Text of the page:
Tag Archives: passive voice

Passive Voice

Many experts (including me) wish that passive voice in police reports would just go away.

Passive voice is a grammatical construction that omits the “who” from a sentence. Here’s a sentence written in active voice (which is better for police reports):

I transported Sanders to the county jail.  ACTIVE VOICE

Here’s the passive voice version:

Sanders was transported to the county jail.  PASSIVE VOICE

One obvious problem is with this sentence is that you don’t know who did the driving. And that’s why I’m always astonished when I see passive voice in a police report. Shouldn’t supervisors be concerned? What if there’s a question later on about that drive to jail?

And yet many reports feature passive voice. It’s especially likely to creep in near the end of a report, when an officer is writing about arresting the suspect or handling evidence.

Here’s a challenge for you. Take a look at three of your recent police reports. I can just about guarantee that there’s at least one passive voice sentence in each of those reports, and I can even tell you where you’ll find it.

Go to the bottom of the report – often called the “disposition” – where you tie up all threads: where the evidence went, what happened to the suspect, and so on.

I can just about guarantee that you wrote a sentence like one of these:

  • The evidence was logged into the evidence room (instead of “Officer Canby logged the evidence into the evidence room“).
  • Smith was read his Miranda rights (instead of “I read Smith his Miranda rights“).
  • Fallon was treated for her injuries (instead of “Paramedics treated Fallon for her injuries”).
  • No further action was taken (instead of “I did not take any further action“).

How do I know you probably wrote one of those passive voice sentences? It’s not some magical powers I possess. The answer is that I almost never read a police report without passive voice. (Mind you, I read lots of reports from some fine police writers. But most have passive voice sentences near the end.)

Here’s what’s especially interesting. When I ask officers why they wrote those sentences, they look at me blankly. They can’t give a reason. It’s just something they did without thinking about it.

So here’s a question for you: Do you think there’s any effective writer in the world who makes writing choices for no reason, without thinking about them? (Hint: the answer is no.)

Did you notice anything those passive-voice sentences had in common? Here it is: The sentence never named the person who performed the action. It’s as if there was a ghost who read those Miranda rights or logged that evidence or treated those injuries.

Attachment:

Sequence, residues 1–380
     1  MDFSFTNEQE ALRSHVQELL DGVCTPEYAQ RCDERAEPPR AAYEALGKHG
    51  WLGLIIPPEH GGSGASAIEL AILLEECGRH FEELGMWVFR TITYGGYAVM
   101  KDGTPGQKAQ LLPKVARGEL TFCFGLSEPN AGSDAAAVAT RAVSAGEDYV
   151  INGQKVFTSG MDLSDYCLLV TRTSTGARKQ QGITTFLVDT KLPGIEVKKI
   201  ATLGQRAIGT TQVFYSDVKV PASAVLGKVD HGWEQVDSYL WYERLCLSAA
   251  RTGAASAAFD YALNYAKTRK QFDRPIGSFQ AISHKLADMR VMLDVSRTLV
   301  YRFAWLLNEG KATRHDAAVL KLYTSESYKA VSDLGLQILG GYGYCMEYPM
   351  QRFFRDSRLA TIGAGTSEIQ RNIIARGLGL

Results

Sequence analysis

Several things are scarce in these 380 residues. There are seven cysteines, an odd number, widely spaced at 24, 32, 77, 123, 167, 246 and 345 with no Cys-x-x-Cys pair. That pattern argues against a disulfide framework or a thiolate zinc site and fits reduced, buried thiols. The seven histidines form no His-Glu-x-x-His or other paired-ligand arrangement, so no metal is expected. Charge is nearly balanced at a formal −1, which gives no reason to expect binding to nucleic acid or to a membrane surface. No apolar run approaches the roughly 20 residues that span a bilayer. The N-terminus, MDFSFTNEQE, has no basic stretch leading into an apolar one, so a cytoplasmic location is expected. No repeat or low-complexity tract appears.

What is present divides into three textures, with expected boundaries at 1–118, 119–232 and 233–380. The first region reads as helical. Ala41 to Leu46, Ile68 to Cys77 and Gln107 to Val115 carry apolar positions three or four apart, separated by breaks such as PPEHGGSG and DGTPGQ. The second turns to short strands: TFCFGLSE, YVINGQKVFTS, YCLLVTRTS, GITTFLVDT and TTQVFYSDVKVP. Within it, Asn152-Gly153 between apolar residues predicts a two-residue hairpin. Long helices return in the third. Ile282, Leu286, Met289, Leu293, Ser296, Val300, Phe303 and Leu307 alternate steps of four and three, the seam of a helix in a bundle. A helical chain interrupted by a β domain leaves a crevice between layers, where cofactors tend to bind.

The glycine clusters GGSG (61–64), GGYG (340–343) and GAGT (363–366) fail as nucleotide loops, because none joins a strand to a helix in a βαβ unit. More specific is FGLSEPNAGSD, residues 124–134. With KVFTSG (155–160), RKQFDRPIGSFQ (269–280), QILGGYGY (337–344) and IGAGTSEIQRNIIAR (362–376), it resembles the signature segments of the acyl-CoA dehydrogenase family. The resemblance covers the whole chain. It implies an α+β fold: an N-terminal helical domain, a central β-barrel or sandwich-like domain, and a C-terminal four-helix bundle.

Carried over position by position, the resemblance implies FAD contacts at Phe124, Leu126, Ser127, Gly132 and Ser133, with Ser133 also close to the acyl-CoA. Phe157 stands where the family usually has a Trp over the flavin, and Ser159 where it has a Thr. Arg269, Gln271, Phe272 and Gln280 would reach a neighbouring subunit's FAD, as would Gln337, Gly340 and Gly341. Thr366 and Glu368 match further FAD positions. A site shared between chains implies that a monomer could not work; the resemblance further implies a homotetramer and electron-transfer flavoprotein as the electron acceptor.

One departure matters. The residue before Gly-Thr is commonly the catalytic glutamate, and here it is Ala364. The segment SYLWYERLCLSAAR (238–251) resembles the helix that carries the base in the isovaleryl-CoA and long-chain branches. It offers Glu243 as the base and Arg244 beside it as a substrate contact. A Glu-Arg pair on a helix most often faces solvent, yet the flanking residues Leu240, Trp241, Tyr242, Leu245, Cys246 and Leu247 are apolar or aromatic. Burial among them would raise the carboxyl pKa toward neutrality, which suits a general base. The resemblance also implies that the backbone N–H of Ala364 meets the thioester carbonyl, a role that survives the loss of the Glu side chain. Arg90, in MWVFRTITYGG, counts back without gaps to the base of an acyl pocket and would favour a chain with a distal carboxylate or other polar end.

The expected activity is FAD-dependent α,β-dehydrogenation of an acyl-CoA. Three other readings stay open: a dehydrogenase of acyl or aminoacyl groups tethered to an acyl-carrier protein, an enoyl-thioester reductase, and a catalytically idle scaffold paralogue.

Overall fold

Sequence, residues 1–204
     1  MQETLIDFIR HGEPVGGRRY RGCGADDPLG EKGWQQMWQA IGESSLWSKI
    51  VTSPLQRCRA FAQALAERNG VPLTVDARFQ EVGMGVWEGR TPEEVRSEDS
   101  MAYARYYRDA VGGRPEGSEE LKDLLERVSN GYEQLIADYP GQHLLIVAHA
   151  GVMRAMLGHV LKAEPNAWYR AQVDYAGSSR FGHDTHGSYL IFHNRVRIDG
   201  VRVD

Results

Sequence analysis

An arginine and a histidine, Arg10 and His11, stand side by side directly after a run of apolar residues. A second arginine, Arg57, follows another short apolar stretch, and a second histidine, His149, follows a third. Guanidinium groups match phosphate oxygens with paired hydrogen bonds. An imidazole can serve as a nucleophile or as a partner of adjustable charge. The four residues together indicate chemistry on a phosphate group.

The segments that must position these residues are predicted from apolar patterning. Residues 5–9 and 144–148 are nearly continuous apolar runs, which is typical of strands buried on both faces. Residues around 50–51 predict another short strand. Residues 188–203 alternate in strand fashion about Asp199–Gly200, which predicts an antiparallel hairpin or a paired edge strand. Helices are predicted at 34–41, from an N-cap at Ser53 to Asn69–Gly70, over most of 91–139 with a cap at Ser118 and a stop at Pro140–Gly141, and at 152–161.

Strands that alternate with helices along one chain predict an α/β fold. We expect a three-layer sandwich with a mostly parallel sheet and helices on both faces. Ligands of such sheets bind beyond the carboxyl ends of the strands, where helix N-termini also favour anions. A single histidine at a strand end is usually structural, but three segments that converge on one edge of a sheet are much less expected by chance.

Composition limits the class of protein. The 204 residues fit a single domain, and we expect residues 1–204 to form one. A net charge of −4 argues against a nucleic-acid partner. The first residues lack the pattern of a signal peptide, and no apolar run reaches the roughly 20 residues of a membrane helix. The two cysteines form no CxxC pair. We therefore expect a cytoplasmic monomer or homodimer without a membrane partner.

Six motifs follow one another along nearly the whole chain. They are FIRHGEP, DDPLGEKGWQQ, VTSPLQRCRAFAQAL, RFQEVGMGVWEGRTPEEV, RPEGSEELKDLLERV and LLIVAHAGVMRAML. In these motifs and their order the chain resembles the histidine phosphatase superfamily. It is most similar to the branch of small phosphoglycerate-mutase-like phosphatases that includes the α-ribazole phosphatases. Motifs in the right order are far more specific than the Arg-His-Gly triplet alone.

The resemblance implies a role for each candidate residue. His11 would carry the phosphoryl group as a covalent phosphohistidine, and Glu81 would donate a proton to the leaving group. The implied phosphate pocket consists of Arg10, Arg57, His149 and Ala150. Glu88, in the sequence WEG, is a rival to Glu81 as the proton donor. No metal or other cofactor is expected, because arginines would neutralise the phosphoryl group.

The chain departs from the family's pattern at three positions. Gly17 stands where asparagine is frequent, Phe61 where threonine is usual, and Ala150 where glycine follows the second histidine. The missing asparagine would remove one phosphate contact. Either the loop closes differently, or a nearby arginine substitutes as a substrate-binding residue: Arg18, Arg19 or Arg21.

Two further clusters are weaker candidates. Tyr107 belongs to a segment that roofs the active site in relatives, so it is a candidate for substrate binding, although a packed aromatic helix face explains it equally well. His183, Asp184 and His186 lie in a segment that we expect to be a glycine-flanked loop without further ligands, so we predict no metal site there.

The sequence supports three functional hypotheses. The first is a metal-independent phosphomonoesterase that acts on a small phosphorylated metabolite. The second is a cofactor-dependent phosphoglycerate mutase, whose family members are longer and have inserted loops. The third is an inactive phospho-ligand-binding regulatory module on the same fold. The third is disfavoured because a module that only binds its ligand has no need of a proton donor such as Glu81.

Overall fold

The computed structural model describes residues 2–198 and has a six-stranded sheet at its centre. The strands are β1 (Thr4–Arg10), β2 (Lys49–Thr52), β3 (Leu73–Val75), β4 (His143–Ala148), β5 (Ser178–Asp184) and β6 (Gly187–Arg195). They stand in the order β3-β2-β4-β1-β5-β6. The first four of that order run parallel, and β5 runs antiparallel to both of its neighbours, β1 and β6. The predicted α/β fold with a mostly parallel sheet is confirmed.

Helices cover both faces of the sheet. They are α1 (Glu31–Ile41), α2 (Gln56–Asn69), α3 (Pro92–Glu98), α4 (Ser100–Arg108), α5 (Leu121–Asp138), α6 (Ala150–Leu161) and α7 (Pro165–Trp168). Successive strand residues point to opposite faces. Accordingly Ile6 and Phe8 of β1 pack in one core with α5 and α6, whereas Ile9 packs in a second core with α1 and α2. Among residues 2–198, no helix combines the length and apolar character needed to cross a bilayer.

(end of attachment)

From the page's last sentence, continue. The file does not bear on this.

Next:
I’ll discuss another problem with passive voice in my next post.


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Active Voice or Passive Voice?

Here’s a simple way to improve your reports: Use active voice whenever possible.

I tested the doorway for fingerprints. ACTIVE VOICE

The doorway was tested for fingerprints by me. PASSIVE VOICE

In bygone days, some officers thought that passive voice made reports more accurate, objective, and professional. Sadly, that’s not the case. Professionalism comes from a deep commitment to observing the highest standards possible. Rewording a sentence won’t transform someone who’s biased or careless into a model officer.

Let’s try a scenario. An officer is investigating a burglary. She goes into the bedroom and sees a beautiful ring on the nightstand. She realizes that the homeowner will probably think the burglar took the ring. What an opportunity! She pockets the ring.

Later the officer gets out her laptop and starts writing her report. She writes, “The bedroom was entered by this officer.” Typing those words transforms her into an honest person, and she returns the ring.

Ridiculous, isn’t it?

Suppose, though, you’re an officer who happens to like passive voice. You’re old-school, and that’s how you were taught to write. Why change?

Three reasons:

  • You want your writing to sound up-to-date and professional. Bygone terminology dates you.
  • Passive voice takes longer to write and to read. It’s going to slow you down if you’ve had a busy shift or you have a great deal of paperwork to review before a court hearing.
  • Passive voice creates confusion. Suppose you’re testifying in court and the question of Miranda rights comes up. “Who read Johnson his rights?” asks the attorney. “It says in your report that Johnson was Mirandized, but it doesn’t say who did it.”
    You gulp. You suddenly realize that the other officer at the scene, Joe McDonald, read Johnson his rights. Unfortunately McDonald isn’t in court today. The hearing has to be postponed until McDonald can testify.
    You could have avoided that embarrassing mistake if you’d used active voice: “Officer Joe McDonald used his Miranda card to advise Johnson of his rights.”

Here are a couple of pointers:

  • Active voice tells who did what: The burglar pried open the door.
  • Passive voice often uses by: The door was pried open by the burglar.

Note: Not all “was” and “-ing” words signify passive voice. These sentences are active voice:

Linda was washing her car. ACTIVE VOICE

The mayor was exploring a new approach to the problem. ACTIVE VOICE

Here are passive-voice versions of these sentences:

The car was being washed by Linda. PASSIVE VOICE

A new approach to the problem was explored by the mayor. PASSIVE VOICE

* * * * * *

There’s one situation when passive voice is useful: when you don’t know who committed an act.

The crime scene was compromised. PASSIVE VOICE (effective: You don’t know who compromised it)

The house was entered through the unlocked back door. PASSIVE VOICE (effective: You don’t know who entered)

Bottom line: When you know who did what, use active voice. Or – to restate the handy rule I gave you earlier – start every sentence in your reports with a person, place, or thing.